My father had two co-partners, and after a year no co-partners and almost no money. That happens fast in Argentina. Then my parents opened a knitting factory, which developed nicely. We all worked in the knitting factory – even my wife after we were married.
New immigrants arrived to the building we were living in: Czechs, Austrians, and a Hungarian family with their daughter. The daughter went to school with my future wife. That’s how we met. We were engaged for one year, then we had a Jewish wedding in the large synagogue in Buenos Aires.
My wife’s maiden name is Ida Lubowicz. She was born on 27 July 1937 in Lutsk [today Ukraine], which was in Poland back then. Up until the end of the war she lived with her parents in hiding in Poland. Then they immigrated to Italy and then to Argentina in 1951. My wife’s mother tongue is Yiddish. My wife can’t speak a word of Polish; they only spoke Yiddish at home. She went to school in Italy the first years. She finished her exams in Argentina and then worked with my parents and me in the knitting factory. My parents-in-law and their children were the only survivors of what was once a very large family. Once, after the war, my wife went to Poland with her mother. They wanted to look for relatives. They didn’t find anyone; they had all been murdered and she – a 16-year-old girl at the time – was called a “Jewess pig” on the street.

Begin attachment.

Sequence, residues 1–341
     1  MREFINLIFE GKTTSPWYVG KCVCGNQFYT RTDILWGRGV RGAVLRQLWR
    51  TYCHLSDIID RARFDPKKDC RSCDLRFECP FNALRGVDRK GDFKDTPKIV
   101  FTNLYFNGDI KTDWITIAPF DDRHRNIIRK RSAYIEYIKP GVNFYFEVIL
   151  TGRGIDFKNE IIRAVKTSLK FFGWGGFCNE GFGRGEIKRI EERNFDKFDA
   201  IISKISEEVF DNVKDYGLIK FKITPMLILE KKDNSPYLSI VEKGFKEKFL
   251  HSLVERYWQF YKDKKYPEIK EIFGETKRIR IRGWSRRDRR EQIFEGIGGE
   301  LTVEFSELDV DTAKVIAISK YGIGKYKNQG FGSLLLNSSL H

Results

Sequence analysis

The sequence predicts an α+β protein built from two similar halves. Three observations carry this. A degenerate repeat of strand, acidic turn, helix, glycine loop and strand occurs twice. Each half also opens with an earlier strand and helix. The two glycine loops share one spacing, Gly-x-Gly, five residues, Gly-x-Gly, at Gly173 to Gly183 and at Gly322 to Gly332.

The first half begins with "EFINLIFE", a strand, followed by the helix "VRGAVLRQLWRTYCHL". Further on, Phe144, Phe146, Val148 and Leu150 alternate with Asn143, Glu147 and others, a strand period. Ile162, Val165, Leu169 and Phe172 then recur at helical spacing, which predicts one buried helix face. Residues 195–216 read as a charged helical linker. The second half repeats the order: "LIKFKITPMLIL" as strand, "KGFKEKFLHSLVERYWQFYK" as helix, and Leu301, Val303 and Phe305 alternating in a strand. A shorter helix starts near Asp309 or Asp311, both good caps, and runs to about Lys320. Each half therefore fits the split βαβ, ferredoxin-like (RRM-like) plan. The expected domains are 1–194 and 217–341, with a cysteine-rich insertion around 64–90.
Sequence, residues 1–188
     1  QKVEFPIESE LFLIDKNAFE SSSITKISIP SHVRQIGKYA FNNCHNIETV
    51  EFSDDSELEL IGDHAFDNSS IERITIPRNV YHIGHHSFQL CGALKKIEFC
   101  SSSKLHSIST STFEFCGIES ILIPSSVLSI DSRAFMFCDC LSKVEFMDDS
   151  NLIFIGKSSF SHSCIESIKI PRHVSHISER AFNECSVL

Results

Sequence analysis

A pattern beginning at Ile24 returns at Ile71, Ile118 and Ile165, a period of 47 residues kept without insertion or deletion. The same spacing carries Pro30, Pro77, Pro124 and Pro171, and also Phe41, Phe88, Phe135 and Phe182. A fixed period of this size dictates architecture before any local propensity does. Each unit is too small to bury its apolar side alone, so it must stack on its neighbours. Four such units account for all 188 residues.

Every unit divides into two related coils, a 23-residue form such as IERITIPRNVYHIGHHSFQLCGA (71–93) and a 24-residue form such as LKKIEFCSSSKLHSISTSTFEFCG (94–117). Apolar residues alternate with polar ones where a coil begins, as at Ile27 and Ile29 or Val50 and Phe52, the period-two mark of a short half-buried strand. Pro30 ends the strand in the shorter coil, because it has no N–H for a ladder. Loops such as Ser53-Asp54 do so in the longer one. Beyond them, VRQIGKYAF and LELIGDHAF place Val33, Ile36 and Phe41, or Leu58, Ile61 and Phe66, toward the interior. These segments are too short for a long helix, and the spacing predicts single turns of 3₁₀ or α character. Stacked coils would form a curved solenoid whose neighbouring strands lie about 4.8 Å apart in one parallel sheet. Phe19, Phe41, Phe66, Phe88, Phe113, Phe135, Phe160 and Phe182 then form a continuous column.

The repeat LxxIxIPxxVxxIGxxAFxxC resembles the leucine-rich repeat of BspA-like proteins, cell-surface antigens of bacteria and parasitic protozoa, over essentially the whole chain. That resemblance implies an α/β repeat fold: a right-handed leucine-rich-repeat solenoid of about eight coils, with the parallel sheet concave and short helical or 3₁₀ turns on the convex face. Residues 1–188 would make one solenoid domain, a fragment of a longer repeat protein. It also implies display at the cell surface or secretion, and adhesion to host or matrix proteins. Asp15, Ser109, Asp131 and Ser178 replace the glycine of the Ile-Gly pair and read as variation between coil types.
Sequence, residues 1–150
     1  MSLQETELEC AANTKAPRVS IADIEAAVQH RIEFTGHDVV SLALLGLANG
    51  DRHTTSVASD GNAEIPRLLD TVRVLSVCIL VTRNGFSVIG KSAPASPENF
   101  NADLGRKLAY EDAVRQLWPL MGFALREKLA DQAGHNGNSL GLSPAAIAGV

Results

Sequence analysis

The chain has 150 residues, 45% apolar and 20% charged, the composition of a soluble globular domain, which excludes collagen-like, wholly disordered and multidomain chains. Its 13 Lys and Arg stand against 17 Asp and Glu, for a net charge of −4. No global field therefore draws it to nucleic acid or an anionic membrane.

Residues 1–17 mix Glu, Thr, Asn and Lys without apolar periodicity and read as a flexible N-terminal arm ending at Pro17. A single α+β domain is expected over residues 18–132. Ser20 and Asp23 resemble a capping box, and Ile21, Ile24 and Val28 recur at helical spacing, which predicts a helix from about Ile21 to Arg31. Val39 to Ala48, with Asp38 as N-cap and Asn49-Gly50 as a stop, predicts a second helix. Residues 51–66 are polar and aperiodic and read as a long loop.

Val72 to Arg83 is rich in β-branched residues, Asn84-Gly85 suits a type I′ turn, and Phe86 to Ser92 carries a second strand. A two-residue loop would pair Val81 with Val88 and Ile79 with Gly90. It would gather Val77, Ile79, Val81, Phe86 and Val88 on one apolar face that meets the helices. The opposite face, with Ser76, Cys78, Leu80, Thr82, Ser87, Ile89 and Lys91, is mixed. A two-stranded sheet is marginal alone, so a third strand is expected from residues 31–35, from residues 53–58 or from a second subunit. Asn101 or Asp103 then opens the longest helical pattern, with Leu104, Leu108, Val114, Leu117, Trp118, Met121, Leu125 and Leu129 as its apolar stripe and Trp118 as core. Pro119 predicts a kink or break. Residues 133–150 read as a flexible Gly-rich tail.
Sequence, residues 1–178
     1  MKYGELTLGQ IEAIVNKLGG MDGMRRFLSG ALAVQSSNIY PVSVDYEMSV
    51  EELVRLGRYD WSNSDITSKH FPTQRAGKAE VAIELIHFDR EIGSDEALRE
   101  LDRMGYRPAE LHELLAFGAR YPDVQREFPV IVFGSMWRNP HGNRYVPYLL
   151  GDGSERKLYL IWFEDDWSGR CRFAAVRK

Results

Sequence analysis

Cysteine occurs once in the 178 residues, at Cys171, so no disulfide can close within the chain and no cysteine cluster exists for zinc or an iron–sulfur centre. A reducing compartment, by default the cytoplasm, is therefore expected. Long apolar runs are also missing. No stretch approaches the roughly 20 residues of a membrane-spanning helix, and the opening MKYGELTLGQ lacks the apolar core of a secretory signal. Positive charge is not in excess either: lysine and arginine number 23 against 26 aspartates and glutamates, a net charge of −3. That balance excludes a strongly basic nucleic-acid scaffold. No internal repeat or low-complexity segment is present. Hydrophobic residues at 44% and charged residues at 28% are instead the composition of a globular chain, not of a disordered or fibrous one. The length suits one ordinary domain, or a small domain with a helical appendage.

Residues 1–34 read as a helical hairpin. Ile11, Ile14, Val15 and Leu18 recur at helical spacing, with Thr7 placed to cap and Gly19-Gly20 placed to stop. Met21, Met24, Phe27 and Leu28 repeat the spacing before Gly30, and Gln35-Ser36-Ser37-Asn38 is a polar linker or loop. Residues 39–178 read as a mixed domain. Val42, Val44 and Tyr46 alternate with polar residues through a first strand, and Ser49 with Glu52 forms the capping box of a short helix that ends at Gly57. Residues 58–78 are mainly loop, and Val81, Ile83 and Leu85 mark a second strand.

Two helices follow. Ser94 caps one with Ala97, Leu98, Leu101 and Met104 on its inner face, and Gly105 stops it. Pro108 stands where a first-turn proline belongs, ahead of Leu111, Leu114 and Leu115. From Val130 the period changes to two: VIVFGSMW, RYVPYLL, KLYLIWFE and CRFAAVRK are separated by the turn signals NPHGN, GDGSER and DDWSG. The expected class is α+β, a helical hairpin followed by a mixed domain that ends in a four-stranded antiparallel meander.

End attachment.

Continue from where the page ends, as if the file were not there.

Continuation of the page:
We had two children. Our son, Roberto Bischitz, was born on 5 November 1959 in Buenos Aires and our daughter, Deborah Weicman, née Bischitz, was born on 19 April 1965. Our children were raised Jewish. Both completed their exams at the Pestalozzi School in Buenos Aires. That was a bilingual private school for German and Spanish – I’m sure 50 to 60 percent of the students there were Jewish. Our children joined youth groups that met once a week in the synagogue. We went to the synagogue together on holidays. Naturally my son became a Bar Mitzvah when he turned thirteen.
My father-in-law and I got along very well. I met him fifteen years before his death when he was a powerful and very sensible businessman. I loved my in-laws and they loved me – we had a lovely family life. Every Friday my mother-in-law lit candles and went to the synagogue. Within two years my parents and in-laws all passed away. My father died in 1971, my mother in 1973. My father-in-law had a stroke and was paralyzed for seven years before he died. My mother-in-law died of cancer.
The economic situation in Argentina became progressively worse. In 1984 we relocated to Vienna. I was never too fond of Argentina; I could never get used to the South American mentality: the unpunctuality, the people’s payment morality, the climate. I always thought differently than the Argentines. Probably I always remained a European. My wife was an enthusiastic Argentine back then. She had her two brothers and their families in Buenos Aries. Today you simply can’t live in Argentina any more, it’s terrible: unemployment, poverty, and there’s a murder every three hours.